The company, however, said it didn't tailor the ads specifically to those buyers.
Fiat's advertising must "appeal to all audiences in order to continue to generate and increase brand awareness," Chrysler spokeswoman Dianna Gutierrez said in an e-mail.

Conservative backlash

The major auto companies trumpet their corporate culture -- benefits to same-sex couples and prohibiting discrimination on the basis of sexual orientation -- as a core part of their appeal to gay and lesbian customers. Nearly half of LGBT consumers in a survey say corporate employment and spending policies help direct their buying decisions.
Still, many companies are hesitant to start vocally advocating for gay marriage rights or other gay and lesbian issues.
When President Barack Obama publicly endorsed gay marriage this spring, the auto companies were mostly silent, although a GM plant in Ft. Wayne, Ind., recently flew a rainbow flag to show its support for gay rights.
The American Family Association's One Million Moms campaign recently attacked retailer J.C. Penney's inclusion of gay dads and lesbian moms in catalog ads.
"I'm sure for some companies it could absolutely backfire, but you see more and more companies doing it these days," said Richard Read, acting editor of GayWheels.com.
He said he liked the Volt ad because it was "very fashion-forward, very sleek and contemporary."
But he's skeptical whether LGBT consumers adjust their buying habits based on corporate behavior.
"That doesn't necessarily directly influence their purchases," he said.
He said auto companies shouldn't resort to "photoshopping out the straight couple and dropping in their same-sex counterparts."
Roland Leggett, an openly gay Detroit resident who recently bought a 2012 Chevy Malibu, said "diversity advertising is tremendously important" to him and other LGBT consumers.
"It sends a message to the folks you're trying to sell to that you value diversity," said Leggett, director of field organizing for Equality Michigan. "I'd really strongly encourage the automotive industry to continue to move forward, continue that message of inclusivity, but also put its money where its mouth is and support pro-equality organizations."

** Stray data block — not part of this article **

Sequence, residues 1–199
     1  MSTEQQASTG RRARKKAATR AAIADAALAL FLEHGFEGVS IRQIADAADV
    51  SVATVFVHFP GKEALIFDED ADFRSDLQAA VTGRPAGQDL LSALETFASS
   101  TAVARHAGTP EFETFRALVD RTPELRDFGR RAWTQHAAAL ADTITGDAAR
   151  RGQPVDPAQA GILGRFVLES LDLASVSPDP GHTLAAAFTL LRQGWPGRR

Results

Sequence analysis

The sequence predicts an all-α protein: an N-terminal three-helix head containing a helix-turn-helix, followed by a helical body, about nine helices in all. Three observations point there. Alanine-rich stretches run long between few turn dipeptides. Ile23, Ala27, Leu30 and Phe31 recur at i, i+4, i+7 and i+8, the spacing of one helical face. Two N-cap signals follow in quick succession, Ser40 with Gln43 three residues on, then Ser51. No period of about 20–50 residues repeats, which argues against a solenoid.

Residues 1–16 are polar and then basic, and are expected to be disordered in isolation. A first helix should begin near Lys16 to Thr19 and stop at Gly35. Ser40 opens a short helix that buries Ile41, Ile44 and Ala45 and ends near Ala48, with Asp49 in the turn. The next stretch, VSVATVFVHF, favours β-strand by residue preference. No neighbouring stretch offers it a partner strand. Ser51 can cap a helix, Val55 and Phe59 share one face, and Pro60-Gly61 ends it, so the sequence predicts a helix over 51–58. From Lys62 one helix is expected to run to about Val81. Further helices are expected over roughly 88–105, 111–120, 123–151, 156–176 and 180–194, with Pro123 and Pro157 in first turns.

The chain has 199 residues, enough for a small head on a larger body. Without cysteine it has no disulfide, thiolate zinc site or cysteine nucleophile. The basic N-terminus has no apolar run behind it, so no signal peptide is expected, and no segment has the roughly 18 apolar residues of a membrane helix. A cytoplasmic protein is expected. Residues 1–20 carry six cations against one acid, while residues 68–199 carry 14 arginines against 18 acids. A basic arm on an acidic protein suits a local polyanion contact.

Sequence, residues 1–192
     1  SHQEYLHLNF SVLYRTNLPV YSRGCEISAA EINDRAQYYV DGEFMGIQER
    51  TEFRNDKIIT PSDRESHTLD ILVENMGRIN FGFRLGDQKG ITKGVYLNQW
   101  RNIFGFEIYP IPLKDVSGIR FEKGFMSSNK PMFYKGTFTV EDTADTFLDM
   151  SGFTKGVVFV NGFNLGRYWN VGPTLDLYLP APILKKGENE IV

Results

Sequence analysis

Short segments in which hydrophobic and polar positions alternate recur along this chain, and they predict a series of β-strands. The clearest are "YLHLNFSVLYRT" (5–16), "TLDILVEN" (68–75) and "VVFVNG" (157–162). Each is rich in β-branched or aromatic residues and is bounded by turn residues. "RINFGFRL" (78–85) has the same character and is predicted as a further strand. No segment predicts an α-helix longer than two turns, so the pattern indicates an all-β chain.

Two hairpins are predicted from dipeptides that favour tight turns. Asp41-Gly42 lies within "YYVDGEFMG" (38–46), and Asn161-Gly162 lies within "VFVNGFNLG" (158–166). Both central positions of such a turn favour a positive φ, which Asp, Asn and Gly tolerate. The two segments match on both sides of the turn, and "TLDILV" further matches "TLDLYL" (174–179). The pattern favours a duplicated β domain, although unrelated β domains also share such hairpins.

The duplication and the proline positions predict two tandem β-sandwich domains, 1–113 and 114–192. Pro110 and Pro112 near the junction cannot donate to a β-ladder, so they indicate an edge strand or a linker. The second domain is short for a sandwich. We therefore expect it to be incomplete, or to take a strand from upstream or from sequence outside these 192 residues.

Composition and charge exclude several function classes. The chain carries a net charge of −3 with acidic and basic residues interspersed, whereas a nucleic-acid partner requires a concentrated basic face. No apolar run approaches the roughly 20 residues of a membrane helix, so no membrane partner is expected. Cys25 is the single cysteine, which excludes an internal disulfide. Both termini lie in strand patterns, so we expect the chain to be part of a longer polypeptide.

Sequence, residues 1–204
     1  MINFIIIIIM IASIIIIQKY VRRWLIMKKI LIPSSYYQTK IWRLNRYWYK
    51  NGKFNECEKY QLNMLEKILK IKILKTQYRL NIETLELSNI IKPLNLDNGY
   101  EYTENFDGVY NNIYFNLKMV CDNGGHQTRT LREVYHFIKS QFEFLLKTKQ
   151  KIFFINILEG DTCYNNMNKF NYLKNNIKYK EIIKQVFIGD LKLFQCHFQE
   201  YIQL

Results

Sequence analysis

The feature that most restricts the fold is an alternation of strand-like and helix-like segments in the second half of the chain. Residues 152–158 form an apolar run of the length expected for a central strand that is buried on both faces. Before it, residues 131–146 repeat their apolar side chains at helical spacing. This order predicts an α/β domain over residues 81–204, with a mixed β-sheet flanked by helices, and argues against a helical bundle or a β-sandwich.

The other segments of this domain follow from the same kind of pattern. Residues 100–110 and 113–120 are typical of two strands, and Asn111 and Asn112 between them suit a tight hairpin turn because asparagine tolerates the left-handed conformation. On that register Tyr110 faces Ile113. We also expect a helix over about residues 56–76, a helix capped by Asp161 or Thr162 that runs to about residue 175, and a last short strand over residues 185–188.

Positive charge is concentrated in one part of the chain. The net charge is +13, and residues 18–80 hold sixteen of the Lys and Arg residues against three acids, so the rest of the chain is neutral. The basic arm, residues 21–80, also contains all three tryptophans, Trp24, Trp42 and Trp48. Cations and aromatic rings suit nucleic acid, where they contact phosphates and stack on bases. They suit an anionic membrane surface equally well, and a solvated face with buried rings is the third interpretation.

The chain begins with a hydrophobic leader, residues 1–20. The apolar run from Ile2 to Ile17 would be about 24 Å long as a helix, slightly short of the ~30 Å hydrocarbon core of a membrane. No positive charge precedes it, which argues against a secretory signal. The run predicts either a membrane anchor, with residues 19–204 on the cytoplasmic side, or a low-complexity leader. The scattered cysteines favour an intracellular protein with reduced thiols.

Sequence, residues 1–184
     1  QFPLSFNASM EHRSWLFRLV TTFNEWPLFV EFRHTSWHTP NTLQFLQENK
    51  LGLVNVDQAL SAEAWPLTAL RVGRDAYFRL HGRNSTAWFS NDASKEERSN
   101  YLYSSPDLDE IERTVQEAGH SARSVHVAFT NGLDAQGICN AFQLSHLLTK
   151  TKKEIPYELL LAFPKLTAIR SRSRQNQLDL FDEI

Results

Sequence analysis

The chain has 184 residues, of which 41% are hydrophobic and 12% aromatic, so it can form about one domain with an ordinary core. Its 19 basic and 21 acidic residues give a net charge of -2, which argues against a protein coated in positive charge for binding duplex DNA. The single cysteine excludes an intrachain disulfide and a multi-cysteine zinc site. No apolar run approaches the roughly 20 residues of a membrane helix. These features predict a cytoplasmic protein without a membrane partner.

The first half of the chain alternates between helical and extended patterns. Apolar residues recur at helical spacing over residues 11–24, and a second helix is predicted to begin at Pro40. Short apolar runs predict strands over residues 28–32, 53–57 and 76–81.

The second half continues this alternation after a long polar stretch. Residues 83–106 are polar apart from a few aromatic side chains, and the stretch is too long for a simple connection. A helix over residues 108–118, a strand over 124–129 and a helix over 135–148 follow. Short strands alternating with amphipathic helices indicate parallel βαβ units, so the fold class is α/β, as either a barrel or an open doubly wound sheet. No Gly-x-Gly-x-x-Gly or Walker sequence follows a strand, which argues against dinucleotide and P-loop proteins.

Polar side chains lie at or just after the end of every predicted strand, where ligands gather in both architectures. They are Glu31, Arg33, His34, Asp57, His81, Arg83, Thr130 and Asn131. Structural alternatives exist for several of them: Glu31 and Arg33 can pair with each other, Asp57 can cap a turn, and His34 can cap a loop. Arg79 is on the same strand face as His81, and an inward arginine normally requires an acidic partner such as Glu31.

Although advertising and events are influential, dealerships still have a lot of reach, too.
The Maritz Research survey also found that about 8.3% of gay and lesbian car buyers were not satisfied with their experience at the car dealership. That compares with 6% of heterosexual car buyers.
"I think gay people in general have hardened skin," Graham said. "I don't know that slapping a rainbow in an advertisement is going to get over that. It's more: Come to my dealership because I'm going to treat you like a human being."
Contact Nathan Bomey: 313-223-4743 or nbomey@freepress.com
More Details: Gay, lesbian consumer demographics
Maritz Research study
• Lesbian and gay shoppers had average household income of $120,641, compared with $109,678 for heterosexual buyers, according a survey of 200,000 consumers purchasing 2011 and 2012 model-year vehicles.
• LGBT buyers also have more education, the survey found.
• And they accounted for about 5% of new-vehicle purchases, according to Maritz.
San Francisco-based Community Marketing surveyed 40,000 LGBT consumers in 2011
• On average, lesbian and gay car buyers are more likely to embrace fuel-efficient vehicles and high-tech features.
• Toyota, Ford, Honda and Chevrolet are the most popular brands among LGBT consumers, according to the survey.
• Seventeen percent planned to buy a new vehicle within 12 months.
• About 28% of gay men and 22% of lesbians surveyed say a company's advertising in LGBT newspapers and magazines has a big impact on their purchases.